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Property and construction workers seek balance between security and family life

Property and construction workers use temporary work to increase their income and achieve greater work-life balance, but are held back by concerns over benefits, according to research released today (Tuesday 17 December 2019).

The research, carried out by recruitment experts Reed Specialist Recruitment asked 5,000 UK employees about their experience of, and attitude to, temporary and contract working.

Of the sample of 5,000, 150 respondents were from the property and construction industry. The survey found that while 9% of workers in property and construction considered non-permanent work to be their main job, and just 6% held more than one temporary role there was a real desire for the flexibility, variety of and autonomy that temporary working offers.

There are 38% of people working in property and construction who identify work-life balance as a positive of temporary working – higher than the national average of 37% - with more than a third (31%) saying that greater variety of work was a positive effect of temporary working.  There was almost a quarter (23%) that were drawn to the idea of working for themselves and 17% that liked the ability to supplement their income from a permanent role.

Despite the positives experienced within the property and construction sector, almost half (47%) of those asked said they preferred the security of a permanent role and almost a third (32%) said they liked the benefits such as sick pay and pension of a permanent role.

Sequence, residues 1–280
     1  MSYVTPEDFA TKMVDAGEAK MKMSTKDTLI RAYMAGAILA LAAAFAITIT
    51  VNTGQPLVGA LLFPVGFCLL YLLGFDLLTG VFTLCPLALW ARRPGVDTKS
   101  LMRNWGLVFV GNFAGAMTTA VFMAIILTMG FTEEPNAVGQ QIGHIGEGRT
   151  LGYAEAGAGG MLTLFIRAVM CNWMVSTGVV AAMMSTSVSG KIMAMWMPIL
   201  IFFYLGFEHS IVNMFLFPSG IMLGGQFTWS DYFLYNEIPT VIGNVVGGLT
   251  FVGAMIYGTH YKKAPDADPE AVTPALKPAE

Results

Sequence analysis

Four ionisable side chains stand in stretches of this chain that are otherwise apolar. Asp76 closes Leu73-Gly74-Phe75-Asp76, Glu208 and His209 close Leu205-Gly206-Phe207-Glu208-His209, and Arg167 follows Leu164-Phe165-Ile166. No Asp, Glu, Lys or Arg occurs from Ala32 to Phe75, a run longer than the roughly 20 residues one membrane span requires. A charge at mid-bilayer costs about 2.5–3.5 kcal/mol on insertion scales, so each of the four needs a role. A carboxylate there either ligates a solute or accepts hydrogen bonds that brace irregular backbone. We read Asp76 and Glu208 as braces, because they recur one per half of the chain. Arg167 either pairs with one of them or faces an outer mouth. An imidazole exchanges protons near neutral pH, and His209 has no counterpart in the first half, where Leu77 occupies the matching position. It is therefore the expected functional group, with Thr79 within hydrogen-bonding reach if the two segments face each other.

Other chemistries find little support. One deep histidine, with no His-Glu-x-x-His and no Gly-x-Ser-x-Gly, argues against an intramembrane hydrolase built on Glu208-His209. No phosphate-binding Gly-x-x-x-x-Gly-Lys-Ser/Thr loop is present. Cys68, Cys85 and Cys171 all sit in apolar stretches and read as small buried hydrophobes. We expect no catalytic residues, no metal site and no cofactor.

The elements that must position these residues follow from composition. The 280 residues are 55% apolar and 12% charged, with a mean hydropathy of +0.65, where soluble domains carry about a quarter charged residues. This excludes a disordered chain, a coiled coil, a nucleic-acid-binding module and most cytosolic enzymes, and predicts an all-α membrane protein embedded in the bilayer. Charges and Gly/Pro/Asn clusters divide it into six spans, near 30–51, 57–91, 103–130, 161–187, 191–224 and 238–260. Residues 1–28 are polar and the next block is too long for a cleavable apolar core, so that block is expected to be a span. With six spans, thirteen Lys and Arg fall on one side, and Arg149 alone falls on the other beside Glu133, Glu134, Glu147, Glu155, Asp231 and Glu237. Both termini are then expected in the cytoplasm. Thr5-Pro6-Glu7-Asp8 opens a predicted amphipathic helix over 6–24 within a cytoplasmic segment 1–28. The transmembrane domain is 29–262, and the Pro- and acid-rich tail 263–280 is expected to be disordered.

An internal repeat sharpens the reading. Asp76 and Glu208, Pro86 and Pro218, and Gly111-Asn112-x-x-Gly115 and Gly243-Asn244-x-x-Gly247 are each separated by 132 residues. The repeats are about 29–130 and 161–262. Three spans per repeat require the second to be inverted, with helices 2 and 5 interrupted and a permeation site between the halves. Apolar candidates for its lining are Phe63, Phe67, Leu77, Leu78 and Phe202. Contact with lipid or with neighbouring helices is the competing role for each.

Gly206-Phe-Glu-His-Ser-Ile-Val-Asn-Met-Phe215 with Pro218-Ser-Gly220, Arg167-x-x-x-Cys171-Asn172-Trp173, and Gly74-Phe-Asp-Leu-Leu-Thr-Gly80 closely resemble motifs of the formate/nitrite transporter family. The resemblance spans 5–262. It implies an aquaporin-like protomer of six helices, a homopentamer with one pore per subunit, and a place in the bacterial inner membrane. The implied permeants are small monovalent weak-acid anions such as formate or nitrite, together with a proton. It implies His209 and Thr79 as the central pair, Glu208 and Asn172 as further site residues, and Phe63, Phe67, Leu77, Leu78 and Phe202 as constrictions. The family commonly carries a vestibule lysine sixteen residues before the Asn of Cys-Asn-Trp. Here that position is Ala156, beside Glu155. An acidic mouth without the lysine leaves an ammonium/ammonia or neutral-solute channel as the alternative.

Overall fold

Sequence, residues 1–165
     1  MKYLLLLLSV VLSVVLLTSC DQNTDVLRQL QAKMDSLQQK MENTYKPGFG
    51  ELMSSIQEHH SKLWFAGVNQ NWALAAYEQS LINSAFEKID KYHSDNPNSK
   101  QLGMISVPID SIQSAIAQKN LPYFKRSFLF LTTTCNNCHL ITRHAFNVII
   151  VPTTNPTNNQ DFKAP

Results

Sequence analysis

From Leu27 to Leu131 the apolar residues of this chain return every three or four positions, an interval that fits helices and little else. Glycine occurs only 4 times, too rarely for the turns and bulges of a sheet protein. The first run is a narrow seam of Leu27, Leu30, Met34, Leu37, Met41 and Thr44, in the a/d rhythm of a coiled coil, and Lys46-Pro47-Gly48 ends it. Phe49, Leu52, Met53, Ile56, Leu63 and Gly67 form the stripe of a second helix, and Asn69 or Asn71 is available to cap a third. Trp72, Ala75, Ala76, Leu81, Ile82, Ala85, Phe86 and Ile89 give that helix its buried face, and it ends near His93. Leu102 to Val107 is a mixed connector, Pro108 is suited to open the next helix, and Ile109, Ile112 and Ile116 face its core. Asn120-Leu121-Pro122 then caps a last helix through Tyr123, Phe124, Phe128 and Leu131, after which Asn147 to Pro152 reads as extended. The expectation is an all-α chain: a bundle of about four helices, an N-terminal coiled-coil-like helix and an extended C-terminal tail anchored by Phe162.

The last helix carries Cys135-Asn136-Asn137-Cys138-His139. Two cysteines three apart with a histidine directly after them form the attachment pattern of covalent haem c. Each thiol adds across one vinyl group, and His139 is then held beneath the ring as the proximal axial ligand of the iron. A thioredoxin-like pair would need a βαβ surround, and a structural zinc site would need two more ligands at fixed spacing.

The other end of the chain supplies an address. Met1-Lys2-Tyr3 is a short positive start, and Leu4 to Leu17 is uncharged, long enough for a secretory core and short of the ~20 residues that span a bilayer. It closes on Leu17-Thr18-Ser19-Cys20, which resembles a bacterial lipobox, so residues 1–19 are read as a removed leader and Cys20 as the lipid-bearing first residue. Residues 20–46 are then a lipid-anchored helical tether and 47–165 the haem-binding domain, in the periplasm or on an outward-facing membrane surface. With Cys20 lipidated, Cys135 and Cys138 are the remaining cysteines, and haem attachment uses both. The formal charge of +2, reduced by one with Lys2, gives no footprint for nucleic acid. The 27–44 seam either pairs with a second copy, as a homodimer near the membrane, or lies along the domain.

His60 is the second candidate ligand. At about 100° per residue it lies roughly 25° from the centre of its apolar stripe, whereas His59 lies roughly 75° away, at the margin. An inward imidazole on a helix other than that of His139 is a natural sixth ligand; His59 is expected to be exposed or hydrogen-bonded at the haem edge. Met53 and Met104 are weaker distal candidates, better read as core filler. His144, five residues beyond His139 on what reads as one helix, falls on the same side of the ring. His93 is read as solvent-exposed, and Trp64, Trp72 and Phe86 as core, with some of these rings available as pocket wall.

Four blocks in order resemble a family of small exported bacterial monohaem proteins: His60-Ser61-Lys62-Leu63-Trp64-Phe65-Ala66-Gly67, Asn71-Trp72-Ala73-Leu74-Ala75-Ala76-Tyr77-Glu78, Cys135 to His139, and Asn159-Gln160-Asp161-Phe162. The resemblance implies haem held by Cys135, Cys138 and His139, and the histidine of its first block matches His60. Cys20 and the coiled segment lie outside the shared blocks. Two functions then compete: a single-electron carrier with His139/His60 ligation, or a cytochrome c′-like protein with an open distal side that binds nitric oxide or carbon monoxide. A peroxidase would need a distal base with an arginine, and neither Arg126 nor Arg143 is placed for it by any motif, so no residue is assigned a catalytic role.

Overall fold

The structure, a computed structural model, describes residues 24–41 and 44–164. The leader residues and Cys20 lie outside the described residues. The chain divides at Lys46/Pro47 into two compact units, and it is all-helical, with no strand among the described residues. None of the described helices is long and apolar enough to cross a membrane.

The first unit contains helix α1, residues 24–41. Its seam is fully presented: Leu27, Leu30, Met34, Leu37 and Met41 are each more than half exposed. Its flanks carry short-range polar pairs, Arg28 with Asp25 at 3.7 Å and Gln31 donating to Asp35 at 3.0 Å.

John Darby, Reed Property & Construction expert, said: “Property and construction workers find themselves already steeped in a history of contractors and sub-contractors. While the sector is experiencing a period of uncertainty, it’s also primed to make use of a versatile and skilled workforce.

"An upturn in orders for building work could see a repeat of past situations, for example as in previous years, when there was a shortage of highly skilled staff and during a peak of demand project completion timescales suffered. In this scenario, the belief by a significant number that temporary work could supplement their income is certainly a valid one.

“With skills and technology within the sector in constant development it certainly plays into the lap of the employee that can upskill with the times. However, temporary work also gives the employer an advantage. High order volumes of work can be addressed in a sustainable manner that doesn’t affect the resilience of the business – an issue which is rife in construction which experiences thousands of insolvencies each year.

“If employers and employees can find the right balance between temporary and permanent work there is a real advantage to be had with a consistent flow of work for employees and strength and durability for employers. And that benefits everyone.”